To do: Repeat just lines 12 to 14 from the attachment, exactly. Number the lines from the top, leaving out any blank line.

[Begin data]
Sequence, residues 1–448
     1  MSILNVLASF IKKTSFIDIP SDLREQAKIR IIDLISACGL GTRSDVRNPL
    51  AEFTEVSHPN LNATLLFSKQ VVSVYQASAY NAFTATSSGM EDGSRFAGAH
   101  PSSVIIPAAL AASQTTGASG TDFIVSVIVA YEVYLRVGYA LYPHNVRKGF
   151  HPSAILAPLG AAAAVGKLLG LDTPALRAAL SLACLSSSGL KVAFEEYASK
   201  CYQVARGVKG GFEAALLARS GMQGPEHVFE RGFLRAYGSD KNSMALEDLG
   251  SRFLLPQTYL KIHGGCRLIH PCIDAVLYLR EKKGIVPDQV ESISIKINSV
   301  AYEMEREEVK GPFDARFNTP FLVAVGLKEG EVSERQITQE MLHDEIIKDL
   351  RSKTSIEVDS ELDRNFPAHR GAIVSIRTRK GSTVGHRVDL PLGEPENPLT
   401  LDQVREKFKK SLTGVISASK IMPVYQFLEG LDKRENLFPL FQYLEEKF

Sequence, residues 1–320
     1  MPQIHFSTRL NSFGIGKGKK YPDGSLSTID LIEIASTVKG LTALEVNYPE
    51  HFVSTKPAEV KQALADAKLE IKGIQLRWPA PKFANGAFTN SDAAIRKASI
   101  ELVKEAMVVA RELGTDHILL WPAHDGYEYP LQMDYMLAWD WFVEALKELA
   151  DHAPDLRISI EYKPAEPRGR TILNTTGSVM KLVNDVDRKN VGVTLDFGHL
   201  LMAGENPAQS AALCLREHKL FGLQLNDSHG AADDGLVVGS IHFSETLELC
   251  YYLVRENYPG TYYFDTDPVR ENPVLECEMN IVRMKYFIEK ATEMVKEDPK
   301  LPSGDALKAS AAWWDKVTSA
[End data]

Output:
     1  MPQIHFSTRL NSFGIGKGKK YPDGSLSTID LIEIASTVKG LTALEVNYPE
    51  HFVSTKPAEV KQALADAKLE IKGIQLRWPA PKFANGAFTN SDAAIRKASI
   101  ELVKEAMVVA RELGTDHILL WPAHDGYEYP LQMDYMLAWD WFVEALKELA